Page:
One personal problem Garza has with the levee-wall is that since it was built Internet and TV reception has been spotty. “I had to stop using the Internet because it keeps kicking you out. We have been told it’s because of the interception of the levee-wall. I have asked around with various companies and that is what I have been informed. The same thing is happening with the TV. I am going to have to get a higher antenna. It’s not hurting other people as much as it is us, because we are closer to the levee, to the wall itself. We are about 250 feet away,” Garza said.

Garza enjoyed 'The Wall,' though she has asked Martinez to correct the name given to the mayor of Granjeno. At the end of the movie, Garza says she is thankful her property was saved but still says the border wall was unnecessary. In her interview with the Guardian, she praised the media for the attention they gave her town.

“I feel the land grants had a lot to do with it but I also think the media did wonders for us. I thank Stefanie Herweck, of the No Border Wall group, because the first day we were going to hold a public meeting she asked if we would like for her to do a press release. I said, ‘please do.’ The Guardian came to the meeting and then the rest of the media started to learn about us. I thank God because there always seemed to be somebody else looking out for us,” Garza said.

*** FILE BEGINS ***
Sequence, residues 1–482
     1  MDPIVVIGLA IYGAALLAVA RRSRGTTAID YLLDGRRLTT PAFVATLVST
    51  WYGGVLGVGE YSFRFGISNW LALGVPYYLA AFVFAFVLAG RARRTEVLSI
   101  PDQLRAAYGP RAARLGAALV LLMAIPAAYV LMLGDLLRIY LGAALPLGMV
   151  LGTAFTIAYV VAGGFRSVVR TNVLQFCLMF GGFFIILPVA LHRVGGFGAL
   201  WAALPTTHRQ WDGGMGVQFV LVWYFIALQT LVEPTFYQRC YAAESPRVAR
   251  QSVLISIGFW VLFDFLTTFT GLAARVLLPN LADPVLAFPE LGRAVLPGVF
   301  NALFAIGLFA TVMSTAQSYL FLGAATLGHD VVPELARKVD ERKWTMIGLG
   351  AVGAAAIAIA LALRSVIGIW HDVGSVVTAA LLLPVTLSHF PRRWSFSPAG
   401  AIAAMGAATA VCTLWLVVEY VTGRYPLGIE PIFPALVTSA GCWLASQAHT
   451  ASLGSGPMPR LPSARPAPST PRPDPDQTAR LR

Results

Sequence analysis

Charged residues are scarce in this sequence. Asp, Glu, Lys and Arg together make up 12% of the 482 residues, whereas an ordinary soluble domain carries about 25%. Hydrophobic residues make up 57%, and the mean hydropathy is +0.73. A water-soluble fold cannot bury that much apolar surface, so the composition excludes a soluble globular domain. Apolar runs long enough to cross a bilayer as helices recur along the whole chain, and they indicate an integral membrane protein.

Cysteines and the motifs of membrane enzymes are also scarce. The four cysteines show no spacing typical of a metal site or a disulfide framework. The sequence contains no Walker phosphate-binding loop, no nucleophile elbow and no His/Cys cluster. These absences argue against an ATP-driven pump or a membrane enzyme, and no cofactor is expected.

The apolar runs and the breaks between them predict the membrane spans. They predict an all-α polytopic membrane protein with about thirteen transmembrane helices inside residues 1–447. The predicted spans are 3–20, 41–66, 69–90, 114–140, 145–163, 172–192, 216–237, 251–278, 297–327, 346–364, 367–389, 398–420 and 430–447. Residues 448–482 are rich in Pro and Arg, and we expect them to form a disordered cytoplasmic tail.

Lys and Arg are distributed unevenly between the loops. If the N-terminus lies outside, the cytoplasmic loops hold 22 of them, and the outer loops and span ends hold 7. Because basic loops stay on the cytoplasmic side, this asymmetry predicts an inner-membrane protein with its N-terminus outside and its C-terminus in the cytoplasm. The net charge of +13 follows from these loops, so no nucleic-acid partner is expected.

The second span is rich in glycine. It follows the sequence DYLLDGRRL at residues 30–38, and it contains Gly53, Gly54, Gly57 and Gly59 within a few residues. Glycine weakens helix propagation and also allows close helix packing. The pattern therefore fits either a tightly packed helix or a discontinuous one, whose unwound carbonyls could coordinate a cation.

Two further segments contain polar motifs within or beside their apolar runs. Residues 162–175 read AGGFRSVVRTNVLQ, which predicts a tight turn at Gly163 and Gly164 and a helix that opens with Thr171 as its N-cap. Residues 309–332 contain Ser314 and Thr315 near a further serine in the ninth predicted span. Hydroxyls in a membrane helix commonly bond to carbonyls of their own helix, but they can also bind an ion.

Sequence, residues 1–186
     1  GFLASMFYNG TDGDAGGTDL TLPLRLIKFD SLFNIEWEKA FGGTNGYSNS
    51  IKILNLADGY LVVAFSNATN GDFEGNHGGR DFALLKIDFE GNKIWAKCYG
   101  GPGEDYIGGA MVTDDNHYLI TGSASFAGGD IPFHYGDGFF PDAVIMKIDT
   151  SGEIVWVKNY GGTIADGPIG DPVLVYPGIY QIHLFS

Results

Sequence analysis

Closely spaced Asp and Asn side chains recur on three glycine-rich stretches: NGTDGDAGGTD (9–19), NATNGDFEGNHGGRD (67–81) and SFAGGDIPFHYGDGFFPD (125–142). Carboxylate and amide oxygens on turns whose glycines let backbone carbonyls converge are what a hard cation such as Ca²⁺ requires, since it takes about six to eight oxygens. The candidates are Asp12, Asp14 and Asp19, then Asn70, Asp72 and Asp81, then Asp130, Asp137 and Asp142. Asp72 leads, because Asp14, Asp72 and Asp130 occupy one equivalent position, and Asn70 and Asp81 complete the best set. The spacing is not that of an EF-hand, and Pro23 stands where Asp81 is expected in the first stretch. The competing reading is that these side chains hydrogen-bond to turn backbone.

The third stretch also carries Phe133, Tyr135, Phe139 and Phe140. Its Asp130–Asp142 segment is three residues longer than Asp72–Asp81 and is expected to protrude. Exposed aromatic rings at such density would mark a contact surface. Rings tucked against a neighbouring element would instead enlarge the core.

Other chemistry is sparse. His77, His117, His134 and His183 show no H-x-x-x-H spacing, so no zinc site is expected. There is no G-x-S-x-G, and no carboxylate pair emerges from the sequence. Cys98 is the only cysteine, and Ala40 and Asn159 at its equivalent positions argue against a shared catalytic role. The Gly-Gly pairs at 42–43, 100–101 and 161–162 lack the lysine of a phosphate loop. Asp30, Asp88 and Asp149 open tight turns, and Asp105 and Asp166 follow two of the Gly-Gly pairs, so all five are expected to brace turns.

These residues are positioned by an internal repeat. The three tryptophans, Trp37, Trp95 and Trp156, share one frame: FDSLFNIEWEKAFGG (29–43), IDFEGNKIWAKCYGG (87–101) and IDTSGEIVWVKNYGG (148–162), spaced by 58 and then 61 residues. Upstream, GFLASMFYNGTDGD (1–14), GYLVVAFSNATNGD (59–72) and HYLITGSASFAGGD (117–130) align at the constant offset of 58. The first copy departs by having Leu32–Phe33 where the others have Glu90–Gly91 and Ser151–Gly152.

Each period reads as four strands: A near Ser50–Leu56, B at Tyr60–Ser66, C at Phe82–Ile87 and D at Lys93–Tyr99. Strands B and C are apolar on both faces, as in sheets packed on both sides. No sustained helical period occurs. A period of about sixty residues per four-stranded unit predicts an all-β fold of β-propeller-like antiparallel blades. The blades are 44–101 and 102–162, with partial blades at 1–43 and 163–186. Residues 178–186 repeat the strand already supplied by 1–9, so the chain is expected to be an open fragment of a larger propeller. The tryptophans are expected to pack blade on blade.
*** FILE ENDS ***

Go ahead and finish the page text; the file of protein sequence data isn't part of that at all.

When the documentary ended, Martinez hosted a question and answer session about the border wall.

Anayanse Garza, of the Southwest Workers' Union, told Martinez and those in the theater that opposition to the border wall was as strong as ever in the Valley. Garza broadened the discussion to include immigration policy in general and pointed to the large turnout for the César Chávez Day march organized by La Unión del Pueblo Entero and Proyecto Azteca.

“There is still a lot of resistance happening. It’s not just people negotiated (with the government) and it’s over now,” Garza said. “People are taking a stand and our community is in the forefront, I think because we are on the border and we have been colonized. We see the need to put up resistance. It is there.”

Among those attending the premiere were former University of Texas-Pan American President Blandina “Bambi” Cárdenas and state Rep. Aaron Peña, D-Edinburg. “'The Wall' is a powerful condemnation of those who saddled our citizens with a very expensive boondoggle,” Peña said.

Peña said he was disappointed more elected officials from the Valley did not show up to see the premiere. Brownsville Mayor Pat Ahumada, who is also featured in the documentary, said he really wanted to go but could not make it.

“I told the director, Ricardo Martinez, that he was doing the job that most public officials were failing to do, even at this late date when the cost of the wall has skyrocketed and its effectiveness brought into question,” Peña said.

“I apologized for those in our local community that failed to have the foresight and collaborated to bring about the project. He (Martinez) remained humble and was startled by the reception and praise he was receiving by the attendees.”

Peña urged Valley residents to purchase ‘The Wall’ when it comes out on DVD.